An update from President Denise M. Trauth of Texas State University

2017
Spring I
Dear Friends,

The new year is upon us and for Texas State University, 2017 promises exciting new achievements. We ended 2016 on a high note with our commencement ceremonies. More than 3,200 graduates took part in six different commencement exercises. We were honored to have the Honorable U.S. District Court Judge Nelva Gonzales Ramos, a Distinguished Alumna of Texas State, as the keynote speaker at one of those ceremonies. 

U.S. District Judge Nelva Gonzales Ramos was a keynote speaker during one of six commencement exercises in December.

Our Texas State Strutters dance team has been chosen to perform at the 2017 presidential inaugural parade on January 20 in Washington, D.C. The process to take part in this parade began a year ago, and the team received the official invitation during the winter break. While in our nation’s capital, the dance team will perform at several other venues. The Strutters have performed in two previous inaugural parades, including those of Presidents John F. Kennedy and Texas State Distinguished Alumnus
Lyndon B. Johnson. We are proud that the Strutters will represent Texas and the university at this historic event.

The Texas State Strutters will perform in the 2017 presidential inaugural parade, their third appearance at this event.

This spring will mark our third Cats Caravan tour, bringing Bobcat pride to Austin, Dallas, San Antonio, and Houston. These events allow donors, alumni, friends, and prospective students to learn more about the exciting developments at Texas State. This year, student teams from a wide range of disciplines will demonstrate their research projects and explain how their corporate partners are helping to take their new ideas to the marketplace. I encourage you to attend these events and connect with your fellow Bobcats.
 
These bold student innovators also will be showcased at the Texas State University Innovation Lab at the South by Southwest Interactive Festival in Austin on March 12, 2017. Our student researchers are hard at work perfecting the presentations, which will range from a recyclable fabric to an app that helps children with obesity challenges.

There is a great deal to celebrate at the Wittliff Collections as it marks its 30th Anniversary. Widely recognized as one of the finest special collections in the country, the Wittliff is a true treasure and defining landmark for the university’s research holdings. We are pleased to announce that Drs. Sally and Bill Wittliff have given $2 million to establish the Wittliff Collections Acquisitions Endowment. The earnings from the endowment will be used to support acquisitions of artistic, historical, literary, musical, photographic, or ephemeral materials to be included in the Wittliff Collections.

Wittliff Collections co-founder Dr. Bill Wittliff (right) and his brother, Dr. Jim Wittliff, at the dedication of the Collections’ Laura Walser Reading Room.

In December, Dr. Bill Wittliff and his brother, medical scientist Dr. Jim Wittliff, dedicated the Laura Walser Reading Room at the Wittliff Collections in honor of their mother,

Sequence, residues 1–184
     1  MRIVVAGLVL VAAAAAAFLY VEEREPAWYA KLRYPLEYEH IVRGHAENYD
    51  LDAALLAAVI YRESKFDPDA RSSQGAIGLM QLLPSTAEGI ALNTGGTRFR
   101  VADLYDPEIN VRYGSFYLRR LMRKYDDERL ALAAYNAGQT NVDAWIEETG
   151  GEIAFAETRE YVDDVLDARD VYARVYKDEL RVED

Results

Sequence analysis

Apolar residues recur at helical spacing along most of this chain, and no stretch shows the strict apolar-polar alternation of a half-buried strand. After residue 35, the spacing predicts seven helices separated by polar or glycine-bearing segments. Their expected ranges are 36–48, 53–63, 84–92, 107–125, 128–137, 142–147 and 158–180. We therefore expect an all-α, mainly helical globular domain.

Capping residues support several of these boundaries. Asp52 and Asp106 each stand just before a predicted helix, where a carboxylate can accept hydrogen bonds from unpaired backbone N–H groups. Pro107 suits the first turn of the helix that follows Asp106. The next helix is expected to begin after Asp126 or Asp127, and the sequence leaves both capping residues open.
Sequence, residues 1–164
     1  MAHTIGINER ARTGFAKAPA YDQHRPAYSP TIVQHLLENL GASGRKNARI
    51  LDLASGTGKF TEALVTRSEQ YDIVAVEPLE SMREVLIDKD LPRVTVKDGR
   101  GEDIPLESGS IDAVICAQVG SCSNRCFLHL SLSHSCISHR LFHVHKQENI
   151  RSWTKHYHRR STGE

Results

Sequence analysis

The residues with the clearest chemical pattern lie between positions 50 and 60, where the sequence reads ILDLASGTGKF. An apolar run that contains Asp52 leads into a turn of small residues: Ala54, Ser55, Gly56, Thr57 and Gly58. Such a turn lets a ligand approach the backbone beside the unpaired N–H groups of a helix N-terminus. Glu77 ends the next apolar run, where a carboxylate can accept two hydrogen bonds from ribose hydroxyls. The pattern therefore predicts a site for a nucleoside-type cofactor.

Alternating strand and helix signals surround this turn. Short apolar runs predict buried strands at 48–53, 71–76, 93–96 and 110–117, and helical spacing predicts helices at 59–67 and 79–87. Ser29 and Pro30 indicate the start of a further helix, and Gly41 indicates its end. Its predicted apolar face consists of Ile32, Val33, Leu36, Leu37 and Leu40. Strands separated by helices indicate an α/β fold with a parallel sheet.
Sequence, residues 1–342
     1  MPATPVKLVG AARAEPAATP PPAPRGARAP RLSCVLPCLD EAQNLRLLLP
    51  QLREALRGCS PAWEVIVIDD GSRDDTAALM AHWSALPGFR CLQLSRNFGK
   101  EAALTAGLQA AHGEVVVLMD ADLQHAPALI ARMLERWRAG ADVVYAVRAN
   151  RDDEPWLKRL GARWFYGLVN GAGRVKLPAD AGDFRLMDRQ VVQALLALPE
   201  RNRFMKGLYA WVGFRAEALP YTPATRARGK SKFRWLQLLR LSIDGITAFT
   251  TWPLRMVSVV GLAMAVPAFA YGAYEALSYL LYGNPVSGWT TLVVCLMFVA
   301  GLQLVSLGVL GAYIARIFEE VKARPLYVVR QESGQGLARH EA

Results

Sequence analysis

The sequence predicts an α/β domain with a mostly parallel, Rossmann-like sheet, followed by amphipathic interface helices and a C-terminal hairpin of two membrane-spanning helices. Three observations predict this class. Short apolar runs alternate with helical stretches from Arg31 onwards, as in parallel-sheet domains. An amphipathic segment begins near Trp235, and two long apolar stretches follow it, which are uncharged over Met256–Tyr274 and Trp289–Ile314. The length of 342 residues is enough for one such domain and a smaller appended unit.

Laura Sachtleben Walser. The reading room serves as a significant portal for research where students and scholars can access our outstanding collections. Reid Wittliff, son of Sally and Bill Wittliff, shared some inspiring memories about his grandmother at the dedication. Read his remarks here.
 
The Wittliff will host a yearlong exhibition of The North American Indian by photographer Edward S. Curtis beginning January 17. The Wittliff recently acquired a majority of the Curtis collection, a transformative and significant addition to its already impressive Southwestern & Mexican Photography Collection. Produced between 1907 and 1930, the photographs in Curtis’ landmark publication are bound in 20 volumes of text, supplemented with 20 portfolios, all richly illustrated with his remarkable photographs. The Wittliff is committed to acquiring the remaining materials and constructing a gallery to showcase his photographic and historic career.

Our fundraising efforts are also showing great promise, particularly in the critical area of endowments. We have added 10 new endowments since September 1, 2016, raising a record $2,333,970 and an additional $66,030 in pledges. We also distributed our 2016 Endowment Annual Report to the largest number of donors in our history. These figures represent critical growth and support for our students, research, and facilities. 

The Austin Chamber of Commerce honored Texas State's efforts with the Austin Human Capital Award.

Finally, it was a tremendous honor to receive the Austin Human Capital Award last November from the Austin Chamber of Commerce. The chamber recognized the great things happening at Texas State and the impact we have on the college readiness, enrollment, and success of our students. I share this award with our phenomenal faculty and staff, whose efforts make student achievement and our growing research profile possible.
 
I promise to keep you posted on our accomplishments throughout the year.

Sincerely,

Denise M. Trauth
Office of University Advancement
601 University ​Dr. • San Marcos, ​TX ​78666
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